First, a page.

Zodiac's cipher codebreaker speaks out: Killer was his own self-defeating "publicist"

Salon spoke to Sam Blake, an Australian mathemetician inspired to crack the 340 cipher after watching YouTube

By Ashlie D. Stevens
December 20, 2020 4:00PM (UTC)
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Zodiac Killer's 340 cipher (public domain)

Sam Blake, an Australian mathematician, first learned of the Zodiac Killer's unsolved ciphers — a series of encrypted messages — from a documentary in the 1990s. His interest marginally increased in 2007 after the release of David Fincher's "Zodiac," but it wasn't until last year that it completely was cemented while watching code-breaking expert David Oranchak's "Let's Crack Zodiac" YouTube series. 

The series was dedicated to solving the codes the Northern California serial killer sent in letters to newspapers in the late 1960s and early 1970s. One of the ciphers, called the 408 cipher, was solved in 1969 by a schoolteacher and his wife, but it did not reveal the killer's identity; the additional three puzzles remained unsolved for over 51 years, despite advances in computer technology. 

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"[Oranchack] put together some really good videos where he did a deep dive into the analysis of the 408 cipher, then he did a couple of talks at the American Cryptogram Association on the unsolved 340 cipher," Blake said. "I really liked his approach, it was very analytical. And when I saw his presentation, I thought there were probably a couple of things I could suggest, to see if he'd tried before."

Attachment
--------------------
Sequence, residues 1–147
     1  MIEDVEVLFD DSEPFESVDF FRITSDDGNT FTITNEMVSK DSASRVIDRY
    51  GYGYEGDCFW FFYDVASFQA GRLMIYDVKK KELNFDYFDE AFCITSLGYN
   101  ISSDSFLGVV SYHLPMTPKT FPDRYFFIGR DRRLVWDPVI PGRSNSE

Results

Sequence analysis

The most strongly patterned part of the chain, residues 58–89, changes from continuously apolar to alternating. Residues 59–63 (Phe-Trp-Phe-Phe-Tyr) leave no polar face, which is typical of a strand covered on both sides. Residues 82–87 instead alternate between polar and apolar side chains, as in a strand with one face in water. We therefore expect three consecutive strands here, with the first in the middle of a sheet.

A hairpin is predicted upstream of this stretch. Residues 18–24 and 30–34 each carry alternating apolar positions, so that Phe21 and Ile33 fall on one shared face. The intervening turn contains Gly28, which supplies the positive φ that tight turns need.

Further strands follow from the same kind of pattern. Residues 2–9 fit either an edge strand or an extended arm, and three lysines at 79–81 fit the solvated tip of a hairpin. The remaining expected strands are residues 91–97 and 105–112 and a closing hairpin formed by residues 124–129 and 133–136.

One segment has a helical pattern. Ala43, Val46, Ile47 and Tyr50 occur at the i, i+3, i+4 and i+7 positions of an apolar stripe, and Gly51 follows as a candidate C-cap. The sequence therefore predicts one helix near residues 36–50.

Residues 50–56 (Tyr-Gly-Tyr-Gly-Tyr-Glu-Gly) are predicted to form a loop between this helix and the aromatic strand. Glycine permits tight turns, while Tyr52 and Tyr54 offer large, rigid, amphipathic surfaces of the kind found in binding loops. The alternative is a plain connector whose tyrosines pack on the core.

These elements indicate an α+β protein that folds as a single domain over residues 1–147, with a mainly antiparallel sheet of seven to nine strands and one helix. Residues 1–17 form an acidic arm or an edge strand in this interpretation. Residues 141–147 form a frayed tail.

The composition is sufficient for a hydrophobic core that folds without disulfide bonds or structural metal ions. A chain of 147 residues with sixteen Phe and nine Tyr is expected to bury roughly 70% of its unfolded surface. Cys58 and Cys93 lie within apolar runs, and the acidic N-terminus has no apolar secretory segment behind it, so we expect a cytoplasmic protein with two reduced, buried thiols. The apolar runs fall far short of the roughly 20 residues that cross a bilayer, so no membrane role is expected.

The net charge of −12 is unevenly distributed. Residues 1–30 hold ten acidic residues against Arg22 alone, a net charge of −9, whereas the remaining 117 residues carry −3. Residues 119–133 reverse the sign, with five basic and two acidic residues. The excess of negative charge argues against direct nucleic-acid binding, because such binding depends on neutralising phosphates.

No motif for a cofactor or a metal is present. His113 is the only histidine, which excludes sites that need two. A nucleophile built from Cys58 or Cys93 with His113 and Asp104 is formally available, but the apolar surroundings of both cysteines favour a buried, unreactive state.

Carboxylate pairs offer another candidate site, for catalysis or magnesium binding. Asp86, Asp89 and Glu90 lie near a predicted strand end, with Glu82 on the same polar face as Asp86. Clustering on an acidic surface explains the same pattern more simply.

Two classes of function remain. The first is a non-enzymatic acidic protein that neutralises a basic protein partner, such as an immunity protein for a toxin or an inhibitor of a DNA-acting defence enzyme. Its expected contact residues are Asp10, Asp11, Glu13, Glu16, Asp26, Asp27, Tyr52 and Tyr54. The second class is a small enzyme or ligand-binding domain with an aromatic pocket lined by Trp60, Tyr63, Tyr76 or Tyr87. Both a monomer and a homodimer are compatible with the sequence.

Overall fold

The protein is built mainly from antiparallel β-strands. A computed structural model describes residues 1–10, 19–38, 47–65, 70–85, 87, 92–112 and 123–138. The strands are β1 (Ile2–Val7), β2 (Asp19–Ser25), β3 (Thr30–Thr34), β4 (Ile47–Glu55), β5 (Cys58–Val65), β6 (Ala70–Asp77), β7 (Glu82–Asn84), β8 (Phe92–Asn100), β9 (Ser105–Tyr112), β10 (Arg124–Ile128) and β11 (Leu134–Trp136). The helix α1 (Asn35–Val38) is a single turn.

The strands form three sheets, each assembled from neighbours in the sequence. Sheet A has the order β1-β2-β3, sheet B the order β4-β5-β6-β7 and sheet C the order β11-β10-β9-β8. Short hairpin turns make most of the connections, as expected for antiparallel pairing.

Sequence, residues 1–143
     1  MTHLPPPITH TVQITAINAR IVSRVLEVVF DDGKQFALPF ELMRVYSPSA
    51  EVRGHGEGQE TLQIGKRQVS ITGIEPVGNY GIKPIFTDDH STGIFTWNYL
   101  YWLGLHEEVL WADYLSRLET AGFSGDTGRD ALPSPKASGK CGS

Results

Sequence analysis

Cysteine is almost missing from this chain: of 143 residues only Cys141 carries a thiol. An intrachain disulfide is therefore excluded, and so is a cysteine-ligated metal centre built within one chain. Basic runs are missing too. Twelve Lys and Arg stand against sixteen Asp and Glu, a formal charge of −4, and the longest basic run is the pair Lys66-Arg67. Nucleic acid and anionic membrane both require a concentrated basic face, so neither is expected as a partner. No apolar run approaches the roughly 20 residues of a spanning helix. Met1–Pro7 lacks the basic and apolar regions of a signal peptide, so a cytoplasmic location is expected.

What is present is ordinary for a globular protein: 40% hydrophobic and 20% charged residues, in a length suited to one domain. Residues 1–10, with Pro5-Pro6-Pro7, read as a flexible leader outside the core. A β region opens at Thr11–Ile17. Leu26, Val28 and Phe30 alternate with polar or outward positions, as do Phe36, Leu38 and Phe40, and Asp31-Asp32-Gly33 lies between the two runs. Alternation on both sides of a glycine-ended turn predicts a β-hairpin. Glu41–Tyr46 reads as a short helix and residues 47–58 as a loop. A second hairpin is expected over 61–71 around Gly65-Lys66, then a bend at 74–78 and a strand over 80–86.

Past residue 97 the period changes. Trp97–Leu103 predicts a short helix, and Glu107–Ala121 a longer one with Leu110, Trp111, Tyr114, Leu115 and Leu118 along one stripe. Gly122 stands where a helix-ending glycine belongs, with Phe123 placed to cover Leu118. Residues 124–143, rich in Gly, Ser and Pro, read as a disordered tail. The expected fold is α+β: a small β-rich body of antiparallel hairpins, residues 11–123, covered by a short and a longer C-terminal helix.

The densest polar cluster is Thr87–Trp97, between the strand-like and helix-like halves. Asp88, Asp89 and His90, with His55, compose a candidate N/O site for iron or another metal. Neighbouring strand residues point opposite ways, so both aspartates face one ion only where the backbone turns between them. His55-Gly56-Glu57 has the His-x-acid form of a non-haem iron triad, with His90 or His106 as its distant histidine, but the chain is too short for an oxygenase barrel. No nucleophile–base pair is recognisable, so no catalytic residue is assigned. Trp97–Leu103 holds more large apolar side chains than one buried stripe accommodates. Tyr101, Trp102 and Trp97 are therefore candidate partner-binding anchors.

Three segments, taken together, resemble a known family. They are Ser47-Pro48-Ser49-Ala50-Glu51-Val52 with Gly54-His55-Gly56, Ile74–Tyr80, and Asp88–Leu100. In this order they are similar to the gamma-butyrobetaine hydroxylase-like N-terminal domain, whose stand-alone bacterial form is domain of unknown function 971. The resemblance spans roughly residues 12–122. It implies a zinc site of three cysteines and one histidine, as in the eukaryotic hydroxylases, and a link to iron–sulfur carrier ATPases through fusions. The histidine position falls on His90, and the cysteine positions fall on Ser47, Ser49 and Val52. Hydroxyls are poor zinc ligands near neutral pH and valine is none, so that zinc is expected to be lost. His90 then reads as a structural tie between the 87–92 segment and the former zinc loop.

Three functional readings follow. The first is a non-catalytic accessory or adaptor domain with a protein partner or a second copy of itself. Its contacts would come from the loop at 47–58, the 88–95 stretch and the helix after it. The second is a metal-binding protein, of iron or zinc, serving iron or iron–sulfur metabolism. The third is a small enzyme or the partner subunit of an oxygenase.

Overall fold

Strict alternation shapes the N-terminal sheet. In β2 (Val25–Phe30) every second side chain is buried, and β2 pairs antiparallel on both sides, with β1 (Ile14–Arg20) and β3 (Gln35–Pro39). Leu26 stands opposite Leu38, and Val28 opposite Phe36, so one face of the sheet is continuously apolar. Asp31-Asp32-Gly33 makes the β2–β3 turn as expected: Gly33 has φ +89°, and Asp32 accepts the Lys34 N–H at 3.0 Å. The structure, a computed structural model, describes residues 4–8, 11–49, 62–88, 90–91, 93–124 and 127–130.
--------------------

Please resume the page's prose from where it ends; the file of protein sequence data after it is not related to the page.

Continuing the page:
Blake's suggestions snowballed into him and Oranchak formally working together, along with Belgian programmer Jarl Van Eycke, to solve the cipher, which is organized as a grid of 63 unique, mysterious symbols. 

Two weeks ago, they succeeded after spending a year using Van Eycke's code-breaking computer program and more than 650,000 variations written by Blake. The cipher roughly translates to say: 

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"I HOPE YOU ARE HAVING LOTS OF FUN IN TRYING TO CATCH ME
THAT WASN'T ME ON THE TV SHOW
WHICH BRINGS UP A POINT ABOUT ME
I AM NOT AFRAID OF THE GAS CHAMBER
BECAUSE IT WILL SEND ME TO PARADICE ALL THE SOONER
BECAUSE I NOW HAVE ENOUGH SLAVES TO WORK FOR ME
WHERE EVERYONE ELSE HAS NOTHING WHEN THEY REACH PARADICE
SO THEY ARE AFRAID OF DEATH
I AM NOT AFRAID BECAUSE I KNOW THAT MY NEW LIFE IS
LIFE WILL BE AN EASY ONE IN PARADICE DEATH" 

On Dec. 11, the FBI verified the cipher had been solved by "private citizens." 

"The Zodiac Killer case remains an ongoing investigation for the FBI San Francisco division and our local law enforcement partners," the organization said in a statement. "The Zodiac Killer terrorized multiple communities across Northern California and even though decades went by, we continue to seek justice for the victims of these brutal crimes." 

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According to Blake, the 340 cipher was much more complex than the 408 cipher because of its organization. It not only required decoders to work out the key for the letters, but the direction that the letters ran as well.